This is a guest post contributed by a reader who wishes to remain anonymous. Names have been changed to protect identities. I'm honored to share this story and provide a platform for brave people to speak out about their struggles with chronic illness, disability rights and healthcare in America. If you'd like to share your story, please contact me here.
Two pink lines. All I had ever wanted was to be a wife and a stay-at-home mom, and there I was staring at two pink lines. I immediately started screaming and sobbing uncontrollably while my fiance, Randy, rubbed my back in the tiny bathroom of our tiny mobile home. We hadn't been together long enough to have a child together. This was no environment to raise a child in. After years of teenage promiscuity with no pregnancies, I was convinced I wasn't able to have children. But here I was, staring at two pink lines encased in cheap plastic.
I grew up in a stable, loving home with a father who worked full-time and a mother who stayed home with three children. My parents were (and still are) very much in love. I have two siblings who are also stable and successful. We were raised with Christian morals and taught to always do our best personally, academically and professionally. While these doctrines seemingly came easy to my siblings, I struggled. Mental illness has been a battle for me as long as I can remember, and with it came looking for love and acceptance wherever I could get my hands on it.
When I first met Randy, I wasn't completely infatuated like I had been with men previously. He grew on me slowly and then suddenly, like how weeds overtake a lawn after a summer storm. We quickly moved in together, and I felt like the relationship was going well. Shortly after that, the shift happened. He was angry and bitter more frequently. He would engage in shouting matches with me, eventually backing me against walls while he screamed at me so closely that I could feel the heat of his breath on my face. Along with the yelling came the taunts of, "You're crazy. No one wants to be with a crazy person. You better stay with me because I'm the only one who would ever love you." And so I stayed.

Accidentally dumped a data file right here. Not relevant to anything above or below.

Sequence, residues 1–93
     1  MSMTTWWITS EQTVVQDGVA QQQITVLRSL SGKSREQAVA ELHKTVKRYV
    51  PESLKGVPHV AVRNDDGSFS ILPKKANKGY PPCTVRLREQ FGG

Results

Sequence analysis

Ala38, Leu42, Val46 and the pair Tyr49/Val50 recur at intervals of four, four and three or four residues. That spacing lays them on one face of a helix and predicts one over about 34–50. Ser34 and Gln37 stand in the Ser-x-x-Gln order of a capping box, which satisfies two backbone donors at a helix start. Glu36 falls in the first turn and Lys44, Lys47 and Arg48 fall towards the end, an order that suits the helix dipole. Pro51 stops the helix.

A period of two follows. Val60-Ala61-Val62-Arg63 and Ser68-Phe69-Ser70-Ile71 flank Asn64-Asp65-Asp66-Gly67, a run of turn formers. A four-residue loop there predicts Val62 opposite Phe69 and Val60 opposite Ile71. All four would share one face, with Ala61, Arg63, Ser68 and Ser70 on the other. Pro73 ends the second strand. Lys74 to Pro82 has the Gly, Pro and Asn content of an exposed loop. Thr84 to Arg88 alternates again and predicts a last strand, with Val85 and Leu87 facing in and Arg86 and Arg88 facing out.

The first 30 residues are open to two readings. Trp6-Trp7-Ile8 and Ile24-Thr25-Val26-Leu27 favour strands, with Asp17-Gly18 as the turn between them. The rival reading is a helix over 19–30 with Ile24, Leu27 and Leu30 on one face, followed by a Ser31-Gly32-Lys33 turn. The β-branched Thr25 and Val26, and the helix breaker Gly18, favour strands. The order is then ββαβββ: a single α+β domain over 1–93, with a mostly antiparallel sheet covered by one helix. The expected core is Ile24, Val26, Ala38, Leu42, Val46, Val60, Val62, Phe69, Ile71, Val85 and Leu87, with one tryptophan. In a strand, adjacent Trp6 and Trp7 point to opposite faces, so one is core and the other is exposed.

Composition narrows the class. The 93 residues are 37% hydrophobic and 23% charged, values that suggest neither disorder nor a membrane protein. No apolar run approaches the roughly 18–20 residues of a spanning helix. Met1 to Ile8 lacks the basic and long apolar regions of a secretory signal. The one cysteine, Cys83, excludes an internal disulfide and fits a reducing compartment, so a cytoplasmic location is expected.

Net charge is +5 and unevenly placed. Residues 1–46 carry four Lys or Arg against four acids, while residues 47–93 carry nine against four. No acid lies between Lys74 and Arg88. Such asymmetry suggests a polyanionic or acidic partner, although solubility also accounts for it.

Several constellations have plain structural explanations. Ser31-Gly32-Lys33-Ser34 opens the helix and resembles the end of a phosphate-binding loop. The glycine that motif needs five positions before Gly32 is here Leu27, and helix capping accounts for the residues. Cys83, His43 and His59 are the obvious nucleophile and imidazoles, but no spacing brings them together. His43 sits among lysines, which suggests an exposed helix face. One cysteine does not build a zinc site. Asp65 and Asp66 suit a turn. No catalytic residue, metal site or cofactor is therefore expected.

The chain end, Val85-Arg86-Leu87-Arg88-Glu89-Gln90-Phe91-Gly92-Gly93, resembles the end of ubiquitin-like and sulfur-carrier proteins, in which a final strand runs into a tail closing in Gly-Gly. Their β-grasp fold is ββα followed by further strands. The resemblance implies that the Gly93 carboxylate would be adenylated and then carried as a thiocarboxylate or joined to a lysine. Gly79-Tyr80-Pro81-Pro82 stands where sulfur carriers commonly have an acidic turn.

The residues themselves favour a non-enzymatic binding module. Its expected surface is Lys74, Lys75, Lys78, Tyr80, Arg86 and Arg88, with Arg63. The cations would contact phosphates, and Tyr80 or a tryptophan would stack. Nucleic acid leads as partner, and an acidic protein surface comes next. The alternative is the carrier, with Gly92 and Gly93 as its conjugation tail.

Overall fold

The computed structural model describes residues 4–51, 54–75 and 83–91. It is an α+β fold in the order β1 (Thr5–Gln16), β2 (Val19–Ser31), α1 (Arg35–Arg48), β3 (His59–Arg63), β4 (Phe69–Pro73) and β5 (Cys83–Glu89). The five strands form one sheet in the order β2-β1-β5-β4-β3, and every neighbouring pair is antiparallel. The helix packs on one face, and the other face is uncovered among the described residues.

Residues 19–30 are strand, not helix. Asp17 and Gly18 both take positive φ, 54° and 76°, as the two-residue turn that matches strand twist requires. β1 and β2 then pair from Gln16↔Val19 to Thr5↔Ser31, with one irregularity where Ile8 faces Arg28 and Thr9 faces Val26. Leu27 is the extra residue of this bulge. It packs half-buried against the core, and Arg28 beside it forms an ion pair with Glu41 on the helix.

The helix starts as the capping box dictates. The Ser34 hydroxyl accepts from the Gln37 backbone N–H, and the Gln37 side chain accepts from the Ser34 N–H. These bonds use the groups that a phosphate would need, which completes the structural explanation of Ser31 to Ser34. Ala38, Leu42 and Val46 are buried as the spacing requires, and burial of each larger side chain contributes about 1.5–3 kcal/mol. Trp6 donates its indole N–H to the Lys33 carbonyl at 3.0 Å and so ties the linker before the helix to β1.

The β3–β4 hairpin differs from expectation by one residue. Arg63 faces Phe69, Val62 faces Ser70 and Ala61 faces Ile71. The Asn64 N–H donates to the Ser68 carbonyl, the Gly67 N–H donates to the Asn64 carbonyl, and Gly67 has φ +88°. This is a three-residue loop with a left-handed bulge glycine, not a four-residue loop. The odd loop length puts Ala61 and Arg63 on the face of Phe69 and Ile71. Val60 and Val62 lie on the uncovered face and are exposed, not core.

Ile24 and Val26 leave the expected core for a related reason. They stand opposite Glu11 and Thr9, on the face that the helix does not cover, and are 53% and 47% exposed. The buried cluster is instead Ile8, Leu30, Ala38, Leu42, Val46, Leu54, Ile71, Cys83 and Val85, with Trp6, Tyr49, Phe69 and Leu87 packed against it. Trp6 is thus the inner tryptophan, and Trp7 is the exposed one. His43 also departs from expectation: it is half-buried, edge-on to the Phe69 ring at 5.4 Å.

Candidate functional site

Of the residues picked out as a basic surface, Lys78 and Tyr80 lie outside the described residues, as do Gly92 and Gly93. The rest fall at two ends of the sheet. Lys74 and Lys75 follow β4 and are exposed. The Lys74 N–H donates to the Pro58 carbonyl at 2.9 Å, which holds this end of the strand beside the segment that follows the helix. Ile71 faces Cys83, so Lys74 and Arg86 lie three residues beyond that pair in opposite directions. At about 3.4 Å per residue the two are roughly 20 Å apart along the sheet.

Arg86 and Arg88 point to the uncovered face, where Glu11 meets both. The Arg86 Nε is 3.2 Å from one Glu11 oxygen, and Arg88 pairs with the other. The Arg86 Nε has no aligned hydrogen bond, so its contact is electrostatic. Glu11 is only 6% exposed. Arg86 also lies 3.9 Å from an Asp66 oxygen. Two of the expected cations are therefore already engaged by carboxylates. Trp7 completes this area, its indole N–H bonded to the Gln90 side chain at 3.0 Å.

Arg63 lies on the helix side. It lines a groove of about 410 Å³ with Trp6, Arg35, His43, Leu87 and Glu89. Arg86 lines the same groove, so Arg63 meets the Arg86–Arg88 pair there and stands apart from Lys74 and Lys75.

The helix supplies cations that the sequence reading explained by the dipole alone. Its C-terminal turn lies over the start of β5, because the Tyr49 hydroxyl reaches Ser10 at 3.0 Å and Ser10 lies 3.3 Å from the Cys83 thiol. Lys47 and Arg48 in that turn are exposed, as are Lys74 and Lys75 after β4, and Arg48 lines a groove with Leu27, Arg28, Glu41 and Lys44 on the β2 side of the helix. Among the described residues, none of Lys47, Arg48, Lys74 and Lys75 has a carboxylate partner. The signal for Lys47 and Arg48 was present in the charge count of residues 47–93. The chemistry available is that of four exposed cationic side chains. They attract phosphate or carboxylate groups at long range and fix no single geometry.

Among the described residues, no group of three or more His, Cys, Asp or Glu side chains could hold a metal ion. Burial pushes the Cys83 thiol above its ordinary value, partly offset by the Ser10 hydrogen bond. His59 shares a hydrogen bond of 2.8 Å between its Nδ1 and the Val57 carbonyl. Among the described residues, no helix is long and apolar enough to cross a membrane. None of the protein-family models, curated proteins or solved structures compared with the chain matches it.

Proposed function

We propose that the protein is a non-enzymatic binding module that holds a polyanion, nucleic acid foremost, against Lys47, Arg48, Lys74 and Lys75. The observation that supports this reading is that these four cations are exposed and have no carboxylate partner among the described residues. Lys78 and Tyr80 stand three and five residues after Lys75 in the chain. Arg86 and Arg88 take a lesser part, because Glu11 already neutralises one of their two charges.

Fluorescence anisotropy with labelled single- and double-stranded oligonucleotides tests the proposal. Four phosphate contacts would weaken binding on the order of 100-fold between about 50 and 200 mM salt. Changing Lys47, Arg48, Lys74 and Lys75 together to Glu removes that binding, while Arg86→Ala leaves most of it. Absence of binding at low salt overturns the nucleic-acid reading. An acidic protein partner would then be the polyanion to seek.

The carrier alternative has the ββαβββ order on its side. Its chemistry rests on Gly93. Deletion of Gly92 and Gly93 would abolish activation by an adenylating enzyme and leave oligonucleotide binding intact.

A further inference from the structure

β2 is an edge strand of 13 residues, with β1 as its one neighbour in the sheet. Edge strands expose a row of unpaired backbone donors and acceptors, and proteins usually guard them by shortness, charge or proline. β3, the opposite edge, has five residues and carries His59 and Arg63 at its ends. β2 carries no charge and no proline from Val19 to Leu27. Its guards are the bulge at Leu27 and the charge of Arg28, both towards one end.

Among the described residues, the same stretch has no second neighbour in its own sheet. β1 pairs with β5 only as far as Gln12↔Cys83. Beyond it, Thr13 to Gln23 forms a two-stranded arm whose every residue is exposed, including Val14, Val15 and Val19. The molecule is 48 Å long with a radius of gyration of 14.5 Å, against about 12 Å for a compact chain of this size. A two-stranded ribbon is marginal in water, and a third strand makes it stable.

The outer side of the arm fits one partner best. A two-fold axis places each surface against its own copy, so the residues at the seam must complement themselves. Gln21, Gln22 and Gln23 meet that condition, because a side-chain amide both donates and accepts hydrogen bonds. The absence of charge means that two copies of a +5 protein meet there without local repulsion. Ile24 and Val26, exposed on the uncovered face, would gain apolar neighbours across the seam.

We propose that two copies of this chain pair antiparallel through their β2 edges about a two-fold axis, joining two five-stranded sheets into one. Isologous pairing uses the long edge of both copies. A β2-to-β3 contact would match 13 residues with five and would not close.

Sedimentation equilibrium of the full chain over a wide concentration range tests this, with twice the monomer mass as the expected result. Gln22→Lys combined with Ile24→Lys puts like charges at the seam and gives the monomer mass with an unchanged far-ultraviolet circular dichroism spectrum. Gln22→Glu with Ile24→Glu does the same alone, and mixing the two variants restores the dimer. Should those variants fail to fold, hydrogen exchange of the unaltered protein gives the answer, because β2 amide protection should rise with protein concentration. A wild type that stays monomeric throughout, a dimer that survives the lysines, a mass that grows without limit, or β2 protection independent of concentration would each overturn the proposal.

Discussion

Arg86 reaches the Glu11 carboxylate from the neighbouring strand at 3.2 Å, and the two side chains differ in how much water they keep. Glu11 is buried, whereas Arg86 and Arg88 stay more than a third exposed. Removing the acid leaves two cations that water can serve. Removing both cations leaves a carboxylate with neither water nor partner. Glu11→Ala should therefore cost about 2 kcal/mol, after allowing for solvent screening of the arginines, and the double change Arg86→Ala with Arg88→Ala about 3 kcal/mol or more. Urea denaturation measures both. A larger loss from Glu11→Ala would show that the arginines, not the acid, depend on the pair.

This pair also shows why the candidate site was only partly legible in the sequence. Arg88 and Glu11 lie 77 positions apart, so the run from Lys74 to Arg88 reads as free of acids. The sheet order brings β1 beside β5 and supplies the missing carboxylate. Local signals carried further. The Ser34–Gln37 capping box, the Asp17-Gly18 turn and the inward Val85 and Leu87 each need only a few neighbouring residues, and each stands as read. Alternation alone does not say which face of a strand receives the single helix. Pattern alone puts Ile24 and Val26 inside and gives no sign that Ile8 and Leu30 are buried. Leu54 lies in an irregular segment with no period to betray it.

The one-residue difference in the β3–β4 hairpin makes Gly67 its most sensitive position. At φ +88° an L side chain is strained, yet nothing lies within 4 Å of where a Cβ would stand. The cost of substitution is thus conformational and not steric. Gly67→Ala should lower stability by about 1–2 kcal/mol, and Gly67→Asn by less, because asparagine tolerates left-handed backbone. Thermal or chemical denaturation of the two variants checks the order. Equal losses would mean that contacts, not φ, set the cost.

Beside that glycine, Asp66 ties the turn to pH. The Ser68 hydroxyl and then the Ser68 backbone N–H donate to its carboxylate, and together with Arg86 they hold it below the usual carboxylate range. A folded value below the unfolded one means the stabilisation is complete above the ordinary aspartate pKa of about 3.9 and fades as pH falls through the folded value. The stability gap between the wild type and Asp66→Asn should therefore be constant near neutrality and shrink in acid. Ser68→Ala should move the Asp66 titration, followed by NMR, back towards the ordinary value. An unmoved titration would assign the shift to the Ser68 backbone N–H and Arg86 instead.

A few months later, as we were standing in the tiny bathroom watching the test reveal its answer, Randy had the biggest smile. He was thrilled that he was going to be a father. I told him that I wasn't sure we could raise a child together, and once again, he assured me that I was crazy. A doctor's visit confirmed the pregnancy, and I began taking prenatal vitamins. Randy's mother took me wedding dress shopping. She bragged to the store attendants about how she was going to be a grandmother and told them that we were moving the wedding date up sooner to not have a baby out of wedlock. I sat in the dressing room and silently sobbed.
A week later, I called my mom to tell her I had decided to have an abortion.
It was very secretive; my parents didn't want me to be exposed to cruel judgements because of my decision. My mom and I drove to a different state to have it done and even paid in cash so it wouldn't be recorded with my insurance company. The office was plain with a stained carpet, and a comedy movie played on the television in the waiting room. The staff called my name and walked me to the back, alone.